Tuesday 13 May 2014
Thinking that our first day in Wales would get increasingly scenic, I regret now that we did not stay longer at Port Eynon, as I think that this was my favorite retreat during the entire week. Nor would the Gower Peninsula easily release its magnetic attraction to us.
Retracing our route through the Gower Peninsula proved a mite challenging, and we ended up at a dead end on the far northwest point, enjoying the pastoral scene and pausing to view fertile fields over tall hedgerows. After this experience, we pulled out the compass to reorient whenever we were uncertain of our direction.
Returning to the ample motorways for some distance west to St Clears, we bypassed Llanelli (Thlanethli) and continued cruising through scenic Pembrokeshire, then turned off onto narrow coastal roads to reach Tenby, from which some of Susan’s ancestors hailed.
Before we realized we had missed the turn into the Tenby City Center, we were already bound up the narrow coastal road bound by rock walls and hedgerows.
Pausing at Manorbier Castle guarding an inlet to the sea, a careful rider approached on a huge horse with long hairy footlocks, an ancient steed out of some Arthurian legend.
Continuing on towards Pembroke, the roads eventually widened and sped up over mighty headlands that drew us ever onward towards impressive bays and harbors that boasted sandy shorelines. Sand schooners were plying the windy shore at one beachhead and small oil tankers anchored offshore in the distance.
Multiple photo stops at other hamlets and ports, some well inland, featured a flotilla of sailing vessels stranded on the sand at low tide.
Rejoining ample two-lane highways past Haverfordwest’s prominent clock tower, the Welsh towns and countryside were becoming commonplace, stone houses lining narrow streets.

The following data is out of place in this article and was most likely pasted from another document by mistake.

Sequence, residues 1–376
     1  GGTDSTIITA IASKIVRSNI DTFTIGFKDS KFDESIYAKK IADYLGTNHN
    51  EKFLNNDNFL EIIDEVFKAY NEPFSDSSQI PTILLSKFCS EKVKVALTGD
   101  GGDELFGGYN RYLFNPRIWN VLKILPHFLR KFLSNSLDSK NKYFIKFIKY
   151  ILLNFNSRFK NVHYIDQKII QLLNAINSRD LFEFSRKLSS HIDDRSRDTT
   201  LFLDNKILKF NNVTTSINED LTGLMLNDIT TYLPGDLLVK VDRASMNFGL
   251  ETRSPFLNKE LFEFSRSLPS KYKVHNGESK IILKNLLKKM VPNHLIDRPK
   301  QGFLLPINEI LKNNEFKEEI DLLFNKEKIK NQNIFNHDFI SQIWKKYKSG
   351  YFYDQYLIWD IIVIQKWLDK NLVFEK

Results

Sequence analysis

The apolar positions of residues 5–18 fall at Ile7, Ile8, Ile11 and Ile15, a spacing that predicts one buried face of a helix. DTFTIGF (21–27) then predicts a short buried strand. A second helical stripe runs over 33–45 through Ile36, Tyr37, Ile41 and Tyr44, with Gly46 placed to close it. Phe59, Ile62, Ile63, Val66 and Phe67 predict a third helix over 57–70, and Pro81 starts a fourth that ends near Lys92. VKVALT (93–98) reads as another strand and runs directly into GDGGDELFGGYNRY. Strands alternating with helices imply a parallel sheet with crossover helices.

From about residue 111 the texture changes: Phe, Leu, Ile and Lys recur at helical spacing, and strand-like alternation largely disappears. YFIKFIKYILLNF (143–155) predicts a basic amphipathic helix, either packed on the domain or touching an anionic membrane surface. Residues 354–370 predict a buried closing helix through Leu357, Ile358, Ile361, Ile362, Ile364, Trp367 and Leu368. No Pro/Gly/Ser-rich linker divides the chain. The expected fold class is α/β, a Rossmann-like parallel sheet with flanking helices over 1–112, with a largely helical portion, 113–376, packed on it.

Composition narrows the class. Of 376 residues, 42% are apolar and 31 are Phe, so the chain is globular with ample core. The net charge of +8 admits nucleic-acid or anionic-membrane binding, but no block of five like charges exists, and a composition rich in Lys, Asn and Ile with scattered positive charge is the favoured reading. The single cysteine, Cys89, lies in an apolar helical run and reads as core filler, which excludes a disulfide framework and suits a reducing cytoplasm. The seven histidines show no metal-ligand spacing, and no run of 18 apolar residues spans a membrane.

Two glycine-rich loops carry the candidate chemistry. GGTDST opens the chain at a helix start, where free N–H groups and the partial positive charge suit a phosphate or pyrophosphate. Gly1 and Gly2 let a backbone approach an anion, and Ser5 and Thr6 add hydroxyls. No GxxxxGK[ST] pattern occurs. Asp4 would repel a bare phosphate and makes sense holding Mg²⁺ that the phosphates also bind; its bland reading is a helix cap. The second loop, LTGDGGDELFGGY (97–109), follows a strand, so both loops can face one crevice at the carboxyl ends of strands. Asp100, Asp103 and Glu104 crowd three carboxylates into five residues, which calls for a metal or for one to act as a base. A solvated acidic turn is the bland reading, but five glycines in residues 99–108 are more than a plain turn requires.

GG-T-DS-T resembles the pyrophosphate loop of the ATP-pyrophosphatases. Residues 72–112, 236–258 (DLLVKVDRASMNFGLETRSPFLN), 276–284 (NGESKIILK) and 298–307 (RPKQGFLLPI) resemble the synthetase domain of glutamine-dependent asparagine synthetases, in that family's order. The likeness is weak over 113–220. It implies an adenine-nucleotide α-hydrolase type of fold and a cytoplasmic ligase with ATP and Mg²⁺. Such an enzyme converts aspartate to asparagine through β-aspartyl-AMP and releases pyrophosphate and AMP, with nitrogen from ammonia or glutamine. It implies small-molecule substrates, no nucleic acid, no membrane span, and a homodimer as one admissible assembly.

Beyond each town, views opened to broad green fields spotted with sheep and newborn lambs tugging at and cuddling up to their ewes, often obscured behind dense hedgerows until a rise or a hill afforded a view over the top.
Our stop in St David’s was spent briefly exploring the Pembrokeshire Coast National Park visitor center and sitting down to a lunch of soup and sandwich and meat pies.
As the roads generally stayed a few miles inland, we took only one more detour down to the shoreline along another narrow lane to Porthgain, pausing briefly to take pictures of this unique old slate-shipping port that was full of tourists like most other places we paused.
Cruising through the verdant countryside, we marveled at headlands plunging past pastoral views down to the Irish Sea and the sweeping rise of highlands rising to the east across the width of Wales. Frequent footpaths marked right-of-way trails passing from one field into another past Fishguard, Cardigan, Aberaeron, and into Aberyswyth.
Turning inland towards Machynlleth (Mackinthleth), we pressed on into the rising crest of Snowdonia National Park through scenic Dolgellau, then down to Porthmadog, where we stopped for gas and shopping at Tesco to purchase the makings of dinner and breakfast. Our final passage bypassed Caernarfon (Care-nare-von) and dropped us into the narrow vale of Llanberis, where it took a little exploring at dusk to find the hostel sign, but we managed to settle in by 8:00pm and enjoyed our microwave meals and crusty bread while attacking a load of laundry that had to dry in a hot radiator filled drying room.
This was a long 230 mile drive today, but rewarding, traversing the entire western coast of Wales from south to north and crossing through the lower elevations of Snowdonia where a mixed forest contrasted with the fields and hedges of the coastal plain.